Now why go through all this trouble? Well it turns out that if you substitute

the equation for v(t) in terms of the ei's into the differential equation for

v, and then further we use the eigenvector equation, as well as the

orthonormality of ei, then we can solve for ci as a function of time.

And so here is the equation for ci as a function of time, and once you have a

closed form expression for ci as the function of time, we can substitute that

value for ci into our equation for v. And therefore, we have solved the

differential equation, and we now have a complete expression, that characterizes

how v changes as a function of time. And if you want to get into all the

mathematical detail of how we derived this expression for ci(t), I would

encourage you to go to the supplementary materials on the course website.

We can now show that the eigenvalues of the recurrent connection matrix,

determine whether the network is stable or not.

To see this, suppose one of lambda I is bigger than 1.

Well, what happens to the output of the network, given by v(t), which is a linear

combination of the item vectors weighted by these coefficient ci?

Well if one of the lambda I's is bigger than 1, lets say that this lambda I here

is equal to 2, which is bigger than 1. Then this term ends up being an

exponential function of time. And so as time goes on you're going to

have this term becoming larger and larger, and therefore ci of t is also

going to become larger and larger. And so the output of the network then,

also grows without any bound, which means that v(t) explodes, and so what you end

up getting is an unstable network. On the other hand if all the eigenvalues

are less than 1, then you should be able to convince yourself, by plugging in

values of lambda I less than 1, in our equation for ci(t), that the network is

stable because v(t) is going to converge to some steady state value.

Which is given simply by the linear combination of all of these coefficients

which are conversed now to this particular value, multiplied by each of

the corresponding eigenvectors. Now we can answer the question that we

posed earlier in the lecture. What can a recurrent network do?

One thing that a linear recurrent network can do, is amplify its inputs.

To see this, suppose that all the lambda I, the eigenvalues are less than 1.

So we showed in the previous slide that the output of the network in the steady

state is going to look like this. And if one of these eigenvalues, let's

say lambda 1 is very close to 1, and all the other eigenvalues are much much

smaller. Then the lambda 1 term, is going to

dominate the sum, and so the steady state output of the network, is going to be

basically the projection of the input onto the, first item vector, divided by

1, minus lambda 1, multiplied by e 1. So, what we have then, is a network that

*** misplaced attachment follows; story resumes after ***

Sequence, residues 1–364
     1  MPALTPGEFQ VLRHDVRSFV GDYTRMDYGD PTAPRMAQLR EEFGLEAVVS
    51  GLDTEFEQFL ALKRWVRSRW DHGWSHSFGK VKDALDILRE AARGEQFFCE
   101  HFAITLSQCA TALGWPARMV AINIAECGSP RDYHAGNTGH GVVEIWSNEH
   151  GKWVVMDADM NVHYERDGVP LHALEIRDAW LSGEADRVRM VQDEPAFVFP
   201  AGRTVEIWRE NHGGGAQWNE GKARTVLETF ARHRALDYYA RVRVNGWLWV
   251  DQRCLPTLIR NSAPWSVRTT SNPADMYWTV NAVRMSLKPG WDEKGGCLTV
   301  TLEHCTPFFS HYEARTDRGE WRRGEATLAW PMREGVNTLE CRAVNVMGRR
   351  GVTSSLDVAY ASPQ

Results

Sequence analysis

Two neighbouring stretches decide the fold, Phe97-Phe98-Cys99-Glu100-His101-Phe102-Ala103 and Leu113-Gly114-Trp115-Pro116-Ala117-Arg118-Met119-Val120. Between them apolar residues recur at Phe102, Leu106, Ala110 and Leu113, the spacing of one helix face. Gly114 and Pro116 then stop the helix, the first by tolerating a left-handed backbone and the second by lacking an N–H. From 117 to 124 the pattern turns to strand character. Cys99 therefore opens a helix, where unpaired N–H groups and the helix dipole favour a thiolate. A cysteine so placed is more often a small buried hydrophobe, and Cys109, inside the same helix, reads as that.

is amplifying it's input projection. So, if lambda 1, for example, is equal to

0.9, which is close to 1, then 1 over 1 minus lambda 1 is going to be 10.

And so, we have an amplification factor of this projection of the input on to e1

of 10. Now let's look an example of a Linear

Recurrent Network. So, let's assume that each of these

output neurons codes for some angle between minus 180 degrees to plus 180

degrees. So instead of labeling these neurons with

1, 2, 3, 4 and 5, we can label them according to some angles.

So for example, this could be minus 180 degrees, this neuron could be minus 90.

This neuron could be labeled with 0, this with plus 90, and this with 180.

Now, why are we labeling neurons with angles?

It's because we can now define the connection matrix M, as a cosine

function, for example, of the relative angle labeling the neurons.

So in other words, m of theta, theta prime, could be proportional to cosine of

theta minus theta prime. What does this type of connectivity look

like? Well it results in neurons exciting other

neurons that are nearby, and inhibiting other neurons that are further away.

And here's a graphical depiction of the cosine based connectivity function.

So, for neurons that are close to any given neuron, you have excitation, and

for neurons that are further away, you have inhibition.

Now let's ask the question, isn't M, defined by such a connectivity function,

symmetric? In other words, is M theta, theta prime

equal to M theta prime theta? Well, that's the same as asking whether

cosine of x is equal to cosine of minus x, which we know is true.

Which means that yes, the connectivity matrix is indeed symmetric.

Now this type of a connectivity function's interesting because there's

some evidence that such connectivity is also found in the cerebral cortex.

Neurons in the cerebral cortex tend to excite other neurons that are near them,

and inhibit neurons that are further away.